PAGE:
• How did learning you were wrong change your view of the world?
  • What might make it difficult for the Disciples to see Jesus as he truly is?
    • What about the crowds who followed?
    • The Pharisees?

 

Do and share:

  • Be the miracle: This week keep your eyes open for someone who might need assistance or kindness.  Let God use you to be the blessing they need.
  • Share the story of a miracle God has done in your life in our Facebook group or on Twitter (@dpumc).

 

[Beyond Sunday] How Great Thou Art

The voice of the Lord is over the waters;
    the God of glory thunders,
    the Lord, over mighty waters.
The voice of the Lord is powerful;
    the voice of the Lord is full of majesty.

-Psalm 29

In the midst of life’s storms, it’s easy to lose sight of how God is working in our lives.  We focus instead on the winds of worry and the waves of emotion.  But God is Lord of all.  And if we truly believe that is true, then nothing else can be lord of our life, not even our own fear. [hear sermon audio]

 

This week, take some time to go deeper.  Use these scriptures and questions to reflect in your devotion time.

Texts to read:

Questions to ponder:

  • What storms are you facing today?
  • When caught in the storm’s onslaught
    • What do you fear?
    • What do you give power?
    • Where do you see God at work?

 

Do and share:

  • Draw or paint a picture of your storm and share it on our Facebook Group.
  • Find a video of your favorite praise music and share in our Facebook group or on Twitter (@dpumc).

 

[Beyond Sunday] Way Maker

Now those who were scattered went from place to place, proclaiming the word. Philip went down to the city[a] of Samaria and proclaimed the Messiah[b] to them. The crowds with one accord listened eagerly to what was said by Philip, hearing and seeing the signs that he did, for unclean spirits, crying with loud shrieks, came out of many who were possessed; and many others who were paralyzed or lame were cured. So there was great joy in that city.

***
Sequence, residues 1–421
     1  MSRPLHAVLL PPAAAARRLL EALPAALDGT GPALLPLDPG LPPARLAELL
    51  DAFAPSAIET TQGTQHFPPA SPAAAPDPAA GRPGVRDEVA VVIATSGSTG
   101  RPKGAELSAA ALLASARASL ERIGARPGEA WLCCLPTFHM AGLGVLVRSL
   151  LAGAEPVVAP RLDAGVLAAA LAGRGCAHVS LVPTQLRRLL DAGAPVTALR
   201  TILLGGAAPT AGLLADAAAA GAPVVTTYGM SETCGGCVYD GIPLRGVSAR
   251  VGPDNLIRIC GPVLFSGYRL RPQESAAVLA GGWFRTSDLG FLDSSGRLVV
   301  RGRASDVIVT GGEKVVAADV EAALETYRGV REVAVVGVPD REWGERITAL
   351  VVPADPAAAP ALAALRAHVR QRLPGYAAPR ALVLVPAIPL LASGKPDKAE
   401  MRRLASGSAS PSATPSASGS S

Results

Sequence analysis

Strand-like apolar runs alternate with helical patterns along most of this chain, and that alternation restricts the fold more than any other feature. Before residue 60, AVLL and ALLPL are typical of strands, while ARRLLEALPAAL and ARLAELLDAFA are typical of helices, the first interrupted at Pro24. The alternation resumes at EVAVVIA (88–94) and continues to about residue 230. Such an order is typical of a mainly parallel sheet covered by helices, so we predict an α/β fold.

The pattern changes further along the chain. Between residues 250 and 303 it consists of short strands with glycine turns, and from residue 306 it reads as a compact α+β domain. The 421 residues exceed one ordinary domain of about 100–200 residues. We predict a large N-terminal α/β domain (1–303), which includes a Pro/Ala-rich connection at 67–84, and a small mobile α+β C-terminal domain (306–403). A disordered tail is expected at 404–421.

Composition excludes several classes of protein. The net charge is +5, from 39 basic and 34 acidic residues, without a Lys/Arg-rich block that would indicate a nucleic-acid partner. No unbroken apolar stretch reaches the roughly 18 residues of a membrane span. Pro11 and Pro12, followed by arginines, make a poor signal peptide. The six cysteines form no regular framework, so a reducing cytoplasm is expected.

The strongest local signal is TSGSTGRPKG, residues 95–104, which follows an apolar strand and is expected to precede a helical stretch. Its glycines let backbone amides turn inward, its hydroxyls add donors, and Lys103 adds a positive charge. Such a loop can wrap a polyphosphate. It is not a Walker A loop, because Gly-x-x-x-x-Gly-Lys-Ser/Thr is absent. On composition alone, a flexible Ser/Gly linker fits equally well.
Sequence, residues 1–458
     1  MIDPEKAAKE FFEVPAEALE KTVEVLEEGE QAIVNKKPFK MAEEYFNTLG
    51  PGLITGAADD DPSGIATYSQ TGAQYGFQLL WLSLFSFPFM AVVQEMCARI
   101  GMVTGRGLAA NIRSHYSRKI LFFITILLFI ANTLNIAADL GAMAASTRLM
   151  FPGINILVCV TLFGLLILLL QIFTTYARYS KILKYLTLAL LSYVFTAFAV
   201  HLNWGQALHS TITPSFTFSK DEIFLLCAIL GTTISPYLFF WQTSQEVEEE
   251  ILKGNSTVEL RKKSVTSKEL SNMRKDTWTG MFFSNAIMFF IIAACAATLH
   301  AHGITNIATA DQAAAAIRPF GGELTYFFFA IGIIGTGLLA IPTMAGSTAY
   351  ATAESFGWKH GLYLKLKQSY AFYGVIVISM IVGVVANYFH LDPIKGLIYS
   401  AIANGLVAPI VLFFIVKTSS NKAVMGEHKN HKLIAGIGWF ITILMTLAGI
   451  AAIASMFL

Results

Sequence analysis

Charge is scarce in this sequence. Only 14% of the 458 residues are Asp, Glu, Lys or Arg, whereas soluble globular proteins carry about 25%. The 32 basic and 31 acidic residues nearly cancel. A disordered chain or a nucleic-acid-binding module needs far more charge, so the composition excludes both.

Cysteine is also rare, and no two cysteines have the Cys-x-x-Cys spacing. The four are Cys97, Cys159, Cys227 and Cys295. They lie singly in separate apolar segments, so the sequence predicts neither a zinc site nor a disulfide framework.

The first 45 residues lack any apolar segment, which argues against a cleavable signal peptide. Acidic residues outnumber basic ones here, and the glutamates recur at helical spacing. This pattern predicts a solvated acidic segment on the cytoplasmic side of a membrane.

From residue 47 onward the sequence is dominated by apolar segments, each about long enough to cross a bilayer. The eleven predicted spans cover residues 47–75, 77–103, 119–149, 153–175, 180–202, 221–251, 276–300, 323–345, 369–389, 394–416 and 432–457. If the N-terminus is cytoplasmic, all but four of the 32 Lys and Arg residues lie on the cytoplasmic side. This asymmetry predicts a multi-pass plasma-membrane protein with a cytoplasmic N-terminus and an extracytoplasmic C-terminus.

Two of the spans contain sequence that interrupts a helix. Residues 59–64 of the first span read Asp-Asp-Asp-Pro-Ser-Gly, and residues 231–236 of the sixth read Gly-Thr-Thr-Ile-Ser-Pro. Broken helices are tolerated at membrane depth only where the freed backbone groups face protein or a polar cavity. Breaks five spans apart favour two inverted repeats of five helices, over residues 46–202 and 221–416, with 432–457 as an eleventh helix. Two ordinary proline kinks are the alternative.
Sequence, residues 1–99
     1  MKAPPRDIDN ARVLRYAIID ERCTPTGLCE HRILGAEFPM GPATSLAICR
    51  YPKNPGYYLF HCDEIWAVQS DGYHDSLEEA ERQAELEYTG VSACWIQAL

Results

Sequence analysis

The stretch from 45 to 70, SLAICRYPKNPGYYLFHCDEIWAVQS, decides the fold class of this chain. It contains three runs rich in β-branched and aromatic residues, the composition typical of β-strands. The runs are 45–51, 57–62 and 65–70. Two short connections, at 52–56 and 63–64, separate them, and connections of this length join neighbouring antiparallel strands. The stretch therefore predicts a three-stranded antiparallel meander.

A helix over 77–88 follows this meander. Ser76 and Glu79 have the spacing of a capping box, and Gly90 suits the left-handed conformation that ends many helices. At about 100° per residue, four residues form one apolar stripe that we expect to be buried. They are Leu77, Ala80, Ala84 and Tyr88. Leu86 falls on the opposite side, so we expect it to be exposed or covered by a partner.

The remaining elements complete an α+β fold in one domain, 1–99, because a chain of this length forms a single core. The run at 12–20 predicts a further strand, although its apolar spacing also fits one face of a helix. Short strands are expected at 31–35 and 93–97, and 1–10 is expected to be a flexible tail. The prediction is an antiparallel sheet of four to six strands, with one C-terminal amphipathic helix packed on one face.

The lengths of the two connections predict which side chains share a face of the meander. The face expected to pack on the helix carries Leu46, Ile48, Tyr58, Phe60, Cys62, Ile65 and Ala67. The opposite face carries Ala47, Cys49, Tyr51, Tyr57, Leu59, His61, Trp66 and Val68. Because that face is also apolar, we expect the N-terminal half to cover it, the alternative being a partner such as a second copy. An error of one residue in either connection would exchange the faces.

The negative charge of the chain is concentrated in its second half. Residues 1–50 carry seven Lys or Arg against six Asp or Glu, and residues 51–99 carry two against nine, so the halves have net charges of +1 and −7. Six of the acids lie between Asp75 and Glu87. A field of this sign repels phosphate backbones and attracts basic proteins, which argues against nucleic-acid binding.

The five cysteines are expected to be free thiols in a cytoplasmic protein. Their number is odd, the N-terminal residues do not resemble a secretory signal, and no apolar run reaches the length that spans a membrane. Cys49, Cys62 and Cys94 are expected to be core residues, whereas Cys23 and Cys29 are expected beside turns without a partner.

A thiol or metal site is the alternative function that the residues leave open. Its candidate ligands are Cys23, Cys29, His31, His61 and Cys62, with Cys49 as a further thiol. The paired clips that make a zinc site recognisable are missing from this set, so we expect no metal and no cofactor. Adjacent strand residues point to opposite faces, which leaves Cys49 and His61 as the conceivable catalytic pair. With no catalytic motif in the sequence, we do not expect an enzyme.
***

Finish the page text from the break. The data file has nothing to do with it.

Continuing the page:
Now a certain man named Simon had previously practiced magic in the city and amazed the people of Samaria, saying that he was someone great. 10 All of them, from the least to the greatest, listened to him eagerly, saying, “This man is the power of God that is called Great.” 11 And they listened eagerly to him because for a long time he had amazed them with his magic. 12 But when they believed Philip, who was proclaiming the good news about the kingdom of God and the name of Jesus Christ, they were baptized, both men and women. 13 Even Simon himself believed. After being baptized, he stayed constantly with Philip and was amazed when he saw the signs and great miracles that took place.

-Acts 8:4-13

God will always makes a way.  Even when we are uncertain about sharing our faith.  Even when we feel the audience is hostile or alien, still God will make a way.  Are we willing to be God’s way in the world? [hear sermon audio]

 

This week, take some time to go deeper.  Use these scriptures and questions to reflect in your devotion time.

Texts to read:

Questions to ponder:

  • What situations in your life seem like insurmountable obstacles?
  • What are you most afraid of in that situation?
  • What would be the best possible outcome for all involved?
  • How do you pray about that situation?

 

Do and share:

  • Share a story online of a time God helped clear a way for you.
  • Find a video of your favorite praise music and share in our Facebook group or on Twitter (@dpumc).

 

[Beyond Sunday] Oh For a Thousand Tongues…

O For a thousand tongues to sing
My dear Redeemer’s praise!
The glories of my God and King,
The triumphs of His grace!

My gracious Master and my God,
Assist me to proclaim,
To spread through all the world abroad
The honors of Thy name.

He breaks the power of cancell’d sin,
He sets the prisoner free;
His blood can make the foulest clean,
His blood avail’d for me

In Christ, your head, ye then shall know,
Shall feel your sins forgiven;
Anticipate your heaven below,
And own that love is heaven.

-From O For a Thousand Tongues to Sing

We are created to praise God.  We praise because of all God has done.  We praise because of all the things God is about in the world.  We praise simply because God is God.  And in singing our praises, we steadily formed in a faith that transcends even words and melodies to become the song of our heart and the rhythm of our lives.    [hear sermon audio]

 

This week, take some time to go deeper.  Use these scriptures and questions to reflect in your devotion time.

Texts to read:

Questions to ponder:

(from Spiritual Classics ed. Richard Foster)

  • How can I enhance the experience of worship for others?
  • In what ways can I guard against the worshiping experience of others?
  • In my life, how can I avoid needless criticism and complaint?

 

Do and share:

  • Make a list of your favorite hymns and songs that have formed your faith.  Reflect on what it is that makes a particular hymn dear to you.
  • Find a video of your favorite praise music and share in our Facebook group or on Twitter (@dpumc).